Weekly Tech Roundup | May 17, 2019

Weekly tech roundup: green technology edition

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This week’s tech roundup features green technologies that are available to license, develop, and use to make the world a cleaner, healthier, better place.

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Advanced water purification via contactless ion concentration

Army scientists have invented a novel water purification technology that is energy efficient and separates out diluted contaminants, including viruses, bacteria, protozoa, spores, clay, hair, proteins, nucleic acids, peptides, lipids, and humic acids.

This design has a contactless filtration function that prevents bacterial biofilm formation on the membrane and clogging or fouling of the membrane, substantially reducing the need for replacing or cleaning, and minimizing overall maintenance requirements.

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Energy efficient air contaminant removal system for enclosed spaces

Navy submarines are equipped with devices for removing carbon monoxide (CO), carbon dioxide (CO2), and other contaminants from the air. This is done with a catalytic burner and CO2 removal system that are implemented as stand-alone configurations.

The catalyst burner and CO2 removal system both generate waste-heat which requires additional energy from the submarine for removal.

A Navy researcher developed an air contaminant removal system that reduces the total power consumption and waste-heat generated.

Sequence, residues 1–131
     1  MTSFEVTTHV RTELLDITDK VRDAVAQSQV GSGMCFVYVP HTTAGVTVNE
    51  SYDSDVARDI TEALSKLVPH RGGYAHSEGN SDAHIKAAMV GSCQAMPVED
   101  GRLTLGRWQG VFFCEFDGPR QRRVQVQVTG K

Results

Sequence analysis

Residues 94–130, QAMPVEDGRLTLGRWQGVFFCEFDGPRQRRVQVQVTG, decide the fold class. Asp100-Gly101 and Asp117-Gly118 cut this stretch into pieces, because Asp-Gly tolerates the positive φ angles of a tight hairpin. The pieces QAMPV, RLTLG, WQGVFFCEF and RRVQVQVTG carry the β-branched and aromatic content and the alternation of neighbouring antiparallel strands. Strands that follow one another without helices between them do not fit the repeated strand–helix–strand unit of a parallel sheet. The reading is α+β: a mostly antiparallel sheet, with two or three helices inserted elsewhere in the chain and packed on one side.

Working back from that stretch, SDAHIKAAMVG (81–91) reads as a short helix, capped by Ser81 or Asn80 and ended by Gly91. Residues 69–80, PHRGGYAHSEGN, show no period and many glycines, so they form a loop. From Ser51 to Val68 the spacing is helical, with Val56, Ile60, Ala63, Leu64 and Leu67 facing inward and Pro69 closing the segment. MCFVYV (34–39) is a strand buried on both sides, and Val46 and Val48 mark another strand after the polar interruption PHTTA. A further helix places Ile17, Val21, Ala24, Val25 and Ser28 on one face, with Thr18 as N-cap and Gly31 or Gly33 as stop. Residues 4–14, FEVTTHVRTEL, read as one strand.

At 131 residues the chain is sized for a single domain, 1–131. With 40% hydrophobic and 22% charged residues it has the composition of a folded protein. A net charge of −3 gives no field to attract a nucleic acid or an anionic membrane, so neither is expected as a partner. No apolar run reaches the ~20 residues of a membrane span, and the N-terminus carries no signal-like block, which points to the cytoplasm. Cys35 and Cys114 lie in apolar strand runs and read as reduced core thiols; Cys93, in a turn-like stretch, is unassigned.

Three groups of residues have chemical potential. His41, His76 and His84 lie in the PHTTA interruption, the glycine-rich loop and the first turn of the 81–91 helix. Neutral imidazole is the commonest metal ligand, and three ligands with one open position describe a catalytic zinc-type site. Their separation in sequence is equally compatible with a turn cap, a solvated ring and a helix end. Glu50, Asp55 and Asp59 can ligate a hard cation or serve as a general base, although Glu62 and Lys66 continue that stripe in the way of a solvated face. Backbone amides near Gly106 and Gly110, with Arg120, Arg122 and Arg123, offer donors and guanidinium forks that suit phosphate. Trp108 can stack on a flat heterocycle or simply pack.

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Smoke is visible from controlled burns of the oil released during the Deepwater Horizon oil spill in 2010. This oil well blowout was the largest oil spill in U.S. waters.

NOAA

System for oil spill cleanup and oil recovery

Recent major oil spills have driven the research community and commercial entities to develop more efficient cleanup materials and processes.

But separating oil and petroleum products from water is difficult. And each approach to date has suffered from one of many drawbacks, including a lack of scalability, expense, or performance.

Navy researchers have developed a complete and scalable system that incorporates nanowire material to absorb, remove, and allow for the commercial use of spilled oil.

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Scalable chitosan-graphene oxide water filtration membrane and process for recycling the material

Various attempts have been made to produce more durable, longer-lasting water filtration devices with varying levels of success. To do this, filter membranes that do not disrupt water flow are necessary. And graphene is thought to be the strongest, thinnest and lightest membrane material available.

Army researchers recently invented a way to impart strength and stability to graphene oxide filters, making them invulnerable to deformation and swelling even as the size of the filtration membrane is increased.

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Detection of heavy metals by means of fluorescence change detectable by the naked eye

Many pollution problems could be mitigated if an easy, in-situ analytical method existed to indicate the presence of contaminated water.

Navy researchers have developed a simple, easily scaled process for producing fluorescent nanoparticles, including quantum dots that are relatively non-toxic and environmentally stable in both air and water.

A simple, four-step process for nanoparticle synthesis and functionalization is contained in the patent, which allows for scalability.

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